Veronica Slater faced the horrible tragedy of losing her husband while a young mother. She shares why grief doesn’t neatly fit into “five stages.” Veronica and Emily also offer strategies for helping you and your kids to grieve in a healthy way.
- “I know that we are beings that are wired to be connected to one another. So when difficult things happen such as profound loss, our instincts are to connect to others. Our instincts are also to help others carry their burdens. And right now it is extremely difficult to do that.” – Veronica Slater
- “As parents, it’s hard to know the right way to help our kids because none of us have faced this before and parents are going through grief and loss right alongside kids.” – Emily Melious
- “Grief is not a logical process for people and people don’t experience it in the same way.” – Emily Melious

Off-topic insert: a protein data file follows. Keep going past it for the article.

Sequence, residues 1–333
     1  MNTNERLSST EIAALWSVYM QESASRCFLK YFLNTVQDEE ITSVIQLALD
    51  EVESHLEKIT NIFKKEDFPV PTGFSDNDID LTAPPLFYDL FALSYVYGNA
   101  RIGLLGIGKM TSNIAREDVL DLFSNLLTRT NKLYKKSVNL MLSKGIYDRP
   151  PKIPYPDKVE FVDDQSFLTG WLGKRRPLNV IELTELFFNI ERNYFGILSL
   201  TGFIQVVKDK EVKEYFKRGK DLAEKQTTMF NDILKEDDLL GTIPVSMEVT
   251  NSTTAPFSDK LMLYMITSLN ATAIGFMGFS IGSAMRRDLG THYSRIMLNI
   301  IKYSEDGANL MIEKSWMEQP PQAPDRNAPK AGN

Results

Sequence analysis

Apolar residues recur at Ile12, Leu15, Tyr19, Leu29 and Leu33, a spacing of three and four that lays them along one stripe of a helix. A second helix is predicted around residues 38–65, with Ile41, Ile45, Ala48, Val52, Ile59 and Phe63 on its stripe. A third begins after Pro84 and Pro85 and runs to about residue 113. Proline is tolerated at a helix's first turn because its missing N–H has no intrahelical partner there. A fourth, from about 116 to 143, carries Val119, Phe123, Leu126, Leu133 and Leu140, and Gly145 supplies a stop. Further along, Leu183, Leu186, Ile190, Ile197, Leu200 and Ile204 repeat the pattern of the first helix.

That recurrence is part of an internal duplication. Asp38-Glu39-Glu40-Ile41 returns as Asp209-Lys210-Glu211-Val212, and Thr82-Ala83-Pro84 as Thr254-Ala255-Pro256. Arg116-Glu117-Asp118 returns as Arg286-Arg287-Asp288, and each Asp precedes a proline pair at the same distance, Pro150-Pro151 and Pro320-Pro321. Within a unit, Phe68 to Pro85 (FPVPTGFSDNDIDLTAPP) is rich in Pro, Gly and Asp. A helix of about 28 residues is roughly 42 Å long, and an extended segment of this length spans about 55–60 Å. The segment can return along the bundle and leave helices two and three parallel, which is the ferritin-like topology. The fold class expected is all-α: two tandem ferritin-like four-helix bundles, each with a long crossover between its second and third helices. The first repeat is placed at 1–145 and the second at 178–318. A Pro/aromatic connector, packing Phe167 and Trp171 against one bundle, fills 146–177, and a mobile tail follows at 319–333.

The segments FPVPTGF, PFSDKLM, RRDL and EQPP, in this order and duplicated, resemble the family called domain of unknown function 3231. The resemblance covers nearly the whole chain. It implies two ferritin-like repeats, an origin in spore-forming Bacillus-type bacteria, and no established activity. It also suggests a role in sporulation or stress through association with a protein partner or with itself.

- “Grief is not a linear process. To be quite frank, it’s a very messy process because we are messy, we are messy beings.” – Veronica Slater
- “The reality to me is that time does not heal. The only thing that heals, I believe, is love and how we invest our energy and how we connect to other people.” – Veronica Slater
- “I would describe grief and profound loss as a permanent void that we carry within ourselves.” – Veronica Slater
- “Be brave by being vulnerable.” – Veronica Slater
- “It’s almost like when you have to look for hope it can sometimes be hard, but if you stop and you love, there’s always, always, always something to be grateful for. And if you’ve got gratitude, then I think there’s just bound to be joy.” – Veronica Slater
- 1:26 – Why grief is an important topic
- 4:18 – The five stages of grief really don’t fit
- 11:27 – Grieving in front of your kids
- 14:21 – Do we ever stop grieving?
- 14:49 – Writing about grief
- 18:36 – The solution for grief
- 21:55 – How do we move on after a loss
Mothers of Misfits: Welcome to the Mothers of Misfits podcast. Join me for conversations about how to advocate for our kids in a one size fits all world. Be sure to subscribe so you never miss an episode.
[00:00:17] Emily Melious: Everyone happy new year. I hope you had an awesome holiday celebration. I really enjoy the downtime with my family, but here we go. We’re rearing up for a new year and more awesome episodes.